LIEUT. JOHN H. DAVID KILLED IN FRANCE
The Dillon Herald, Dillon, South Carolina, March 14, 1918, Vol. 22, No. 18
The First to Volunteer for Foreign Service
His Death Brings Sorrow to Hundreds of Friends in State and County
Lieut. John H. David, [The Citadel Class of 1914] fighting in France, was killed in action March 1st. This announcement will bring genuine sorrow to scores of Lieut. David’s friends throughout the county and state.
Cadet Second Lieutenant John Hodges David, Jr., Class of 1914. From the 1914 Sphinx.
Photograph likely taken by Capt. Louis Knox, The Citadel.
The details of Lieut. David’s death were not given. His father Dr. J. H. David, received a telegram from the war department Monday night at 7 o’clock announcing that Lieut. David had been killed in action March 1st.
There was no more popular young man in Dillon county than Lieut. David. He numbered his friends by the hundreds, not only in Dillon county but all over South Carolina.
Graduating from the South Carolina Military academy in the class of 1914, where he took a high stand in his classes, Lieut. David returned to Dillon and was associated with his father in agricultural and mercantile pursuits until the declaration of a state of war between the United States and Germany.
RELATED: FIRST CITADEL MAN LAYS DOWN HIS LIFE
Lieut. David was the first Dillon county boy to seek admission to the officer’s training camp at Ft. Oglethrope, but was rejected on account of a slight physical defect. Having offered his services to his country he could have returned to his usual pursuits in civil life without the slightest sacrificed of honor, but he was determined to be of service to his county and going to Washington he secured a special permit from the War Department admitting him to the officer’s training camp. Here he took a very high stand and at the end of three month’s was given a first lieutenant’s commission.
When his company commander asked for volunteers to go to France Lieut. David was among the first to offer himself for foreign service, being the first Dillon county boy to volunteer for service abroad. After a brief furlough at home he was ordered to New York where he spend several weeks drilling raw recruits and preparing men for foreign duty. He sailed for France in October and shortly after his arrival was assigned to duty in the trenches. Letters were received from Lieut. David at regular intervals and while he was not permitted to tell what part he was taking in the war, yet a careful reading between the lines showed that he was in the fiercest of the fighting. In one letter he told of having been in the trenches for several weeks in mud and water waist deep and spoke of the comforts he enjoyed while out of the trenches for a brief rest.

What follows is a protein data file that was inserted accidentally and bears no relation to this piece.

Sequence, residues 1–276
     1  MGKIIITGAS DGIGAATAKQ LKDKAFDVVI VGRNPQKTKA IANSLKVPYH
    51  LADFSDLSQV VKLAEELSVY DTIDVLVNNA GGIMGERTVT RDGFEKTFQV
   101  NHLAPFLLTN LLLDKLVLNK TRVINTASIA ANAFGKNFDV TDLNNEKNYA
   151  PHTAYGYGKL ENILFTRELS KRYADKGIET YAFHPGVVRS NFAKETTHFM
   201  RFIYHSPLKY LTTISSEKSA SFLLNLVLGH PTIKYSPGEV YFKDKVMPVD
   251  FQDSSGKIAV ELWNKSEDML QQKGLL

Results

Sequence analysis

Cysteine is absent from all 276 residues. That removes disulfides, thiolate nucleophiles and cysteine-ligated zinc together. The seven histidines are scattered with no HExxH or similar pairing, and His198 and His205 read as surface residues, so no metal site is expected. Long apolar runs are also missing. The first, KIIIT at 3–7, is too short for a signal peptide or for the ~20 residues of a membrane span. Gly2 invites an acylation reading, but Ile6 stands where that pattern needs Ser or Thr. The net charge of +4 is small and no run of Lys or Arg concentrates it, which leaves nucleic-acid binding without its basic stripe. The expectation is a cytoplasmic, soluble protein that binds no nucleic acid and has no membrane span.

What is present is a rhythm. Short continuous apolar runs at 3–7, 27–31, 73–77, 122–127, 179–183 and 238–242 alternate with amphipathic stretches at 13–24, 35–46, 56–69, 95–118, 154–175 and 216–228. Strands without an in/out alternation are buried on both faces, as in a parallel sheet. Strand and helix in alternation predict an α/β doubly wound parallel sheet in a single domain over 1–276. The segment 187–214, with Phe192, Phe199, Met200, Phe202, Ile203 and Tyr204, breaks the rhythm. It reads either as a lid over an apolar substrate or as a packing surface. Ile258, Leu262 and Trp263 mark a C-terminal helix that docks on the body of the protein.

While the details of Lieut. David’s death will not be known until a fuller report is received from the war department, yet it is probable that he lost his life in the fierce fighting between the American and German forces on March 1st. This was the first big engagement with the enemy and although the Americans were victorious, the casualty list was heavy. In this engagement the Germans using all the barbarous methods they could conceive of to demoralize the America forces. But their attacks were met with undaunted courage and they were finally driven back to their trenchers with great loss of life.
The first to volunteer for service abroad, Lieut. David was the first Dillon county boy to die in action on foreign soil. His death brings the war with its attendant horrors close to the hearts and homes of hundreds of Dillon county people.
In early life John David’s ambition was to be a soldier. It was a dream of his boyhood days and as he grew into young manhood his fondness of the military increased. Shortly after entering the Citadel with unabated energy and when he graduated from this institution he took a high stand in military science. He promptly took advantage of the first opportunity circumstances offered to follow the profession he loved so well and it is safe to say that is his manner of death had been of his own choosing he would have preferred to die as he did – a soldier’s death on the battle field fighting in defense of human rights and liberties.
Cadet Lieutenant David (right oval) and Cadet Company “C” at The Citadel on Marion Square, Charleston, South Carolina. From the 1914 Sphinx, the annual of the South Carolina Corps of Cadets.
John David will be missed in the community. He was a model young man who held truth and honor as priceless gifts and his entire life from his early boyhood days was above reproach. He was popular not only at home where his life had been an open book but number in friends by the score all over South Caroline. A gentleman at all times he was polite and courteous to all classes, and his untimely passing brings poignant sorrow to the homes of the humble as well as the great.
Lieut. David is survived by his father and mother, Dr. and Mrs. J. H. David, and the following sisters; Mrs. E. O. Bransford, Mrs. W. W. Dixon and Misses Helen, Edna and Alice David.
As a mark of respect to Lieut. David all the stores and business housed in Dillon closed from 12 till 1 o’clock Tuesday while the graded schools closed for the day.
/end newspaper obituary
With special thanks to…
Ms. Helen B. Moody, Dillon County SC Library genealogy volunteer, who provided this obituary along with other many news articles and letters about 1Lt. David.
Mr. Kevin Bristol, ’92, and Mr. Richard Hodges, ’72, who provided photos and details from several sources.